[Last Wednesday, February 24, the South African regime banned the major legal outlets for blacks seeking a meaningful political voice in their own country.]

by San Francisco Anti-Apartheid Committee, Witness for South Africa
Oakland, California, United States
Undated, around March 1988
Publisher: Witness for South Africa
6 pages
Type: Mailing
Coverage in Africa: South Africa
Coverage outside Africa: United States
Language: English

After having detained and imprisoned 30,000 religious, labor and community leaders in the last two years, the South African government has just banned the United Democratic Front (UDF). The document says the South African Council of Churches (SACC) is now “the last nation-wide coalition able to fight apartheid openly and legally.” The SACC sees this as a Kairos moment, “an unrepeatable time offered by God as an opportunity and a challenge.” Sunday, March 6, has been declared a DAY OF WITNESS FOR THE SOUTH AFRICAN OPPRESSED. You can include our South African brothers and sisters in your prayers and also contact the San Francisco Anti-Apartheid Committee or WITNESS for South Africa about additional plans. This DAY OF WITNESS begins the South Africa Solidarity Week decreed by Mayor Art Agnos in response to the request of the full Board of Supervisors. The mailing reprints newspaper articles including "CAPE TOWN POLICE ARREST CLERGYMEN AT PROTEST" and "South Africa Bans Most Anti-Apartheid Activities" by John B. Battersby, "Groups Seeking Change," and "'Shock and Distress' in West Over Pretoria's Action" by Mark A. Uhlig. The mailing mentions Catholic and Protestant leaders, the Azanian People’s Organization (AZAPO), the Azanian Youth Organization, the Cape Youth Congress, Cradock Residents' Association, Detainees Parents Support Committee (DPSC), National Education Crisis Committee (NECC), National Education Union of South Africa, Port Elizabeth Black Civic Organization, Release Mandela Committee, Nelson Mandela, Soweto Civic Association, the Soweto Youth Congress, South African National Students’ Congress, the South African Youth Congress, Vaal Civic Association, Rev. Khosa Mgoja, Archbishop Stephen Naidoo, Archbishop Desmond Tutu, the Rev. Allan Boesak, Rev. Frank Chikane, Rev. Syd Luckett, anti-apartheid groups, civil disobedience, a CBS News film crew, the World Alliance of Reformed Churches, the U.S. Embassy in Pretoria, the State Department, St. George’s Anglican Cathedral, police, Parliament, Helen Suzman, American chargé d'affairs Richard Barkley, Consul General Roger Burroughs, Edward J. Perkins, a right-wing rally, the Methodist Church, the United African Independent churches, Moulana Faried Esack, the Call of Islam, Law and Order Minister Adriaan J. Vlok, Montsho Motswagi. Civil rights lawyer Peter Harris, the National Party, the Conservative Party, the Congress of South African Trade Unions (COSATU), the End Conscription Campaign, the African National Congress (ANC), Charles E. Redman, Assistant Secretary of State for African Affairs Chester Crocker, British Foreign Secretary Sir Geoffrey Howe, Democratic Representative Howard E. Wolpe, the Reagan administration, the Black Sash, Republican Senator Nancy L. Kassebaum, Thomas G. Karis, Dr. Max Coleman, Archibald Gumede,  and Alberlina Sisulu.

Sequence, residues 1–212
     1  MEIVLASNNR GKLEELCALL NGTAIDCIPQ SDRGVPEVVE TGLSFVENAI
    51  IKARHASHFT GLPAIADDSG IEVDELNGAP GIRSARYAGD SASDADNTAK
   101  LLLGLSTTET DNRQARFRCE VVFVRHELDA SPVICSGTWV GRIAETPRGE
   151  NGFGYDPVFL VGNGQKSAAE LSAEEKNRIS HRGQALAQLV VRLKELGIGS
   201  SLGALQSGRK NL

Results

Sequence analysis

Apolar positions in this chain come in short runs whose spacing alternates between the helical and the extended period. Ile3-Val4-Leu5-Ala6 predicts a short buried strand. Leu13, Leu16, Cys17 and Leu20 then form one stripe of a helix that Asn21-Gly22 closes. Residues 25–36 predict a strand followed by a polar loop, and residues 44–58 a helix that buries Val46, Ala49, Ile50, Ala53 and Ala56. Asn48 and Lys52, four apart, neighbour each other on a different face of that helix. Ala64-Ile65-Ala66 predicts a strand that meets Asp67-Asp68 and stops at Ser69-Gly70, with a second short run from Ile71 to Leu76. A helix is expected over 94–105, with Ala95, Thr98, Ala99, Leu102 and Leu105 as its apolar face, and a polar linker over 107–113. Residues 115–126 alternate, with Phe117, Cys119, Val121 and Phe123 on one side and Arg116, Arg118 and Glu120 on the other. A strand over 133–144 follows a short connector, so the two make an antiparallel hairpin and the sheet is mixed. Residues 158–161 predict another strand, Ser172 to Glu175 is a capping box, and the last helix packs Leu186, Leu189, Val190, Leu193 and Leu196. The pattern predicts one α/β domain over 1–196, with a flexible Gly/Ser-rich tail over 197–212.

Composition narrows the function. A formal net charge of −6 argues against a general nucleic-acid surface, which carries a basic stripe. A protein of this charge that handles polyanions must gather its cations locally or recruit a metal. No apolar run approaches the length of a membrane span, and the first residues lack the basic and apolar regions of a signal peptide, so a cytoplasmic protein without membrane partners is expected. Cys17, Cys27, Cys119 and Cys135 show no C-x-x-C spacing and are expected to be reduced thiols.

Collection: Miloanne Hecathorn papers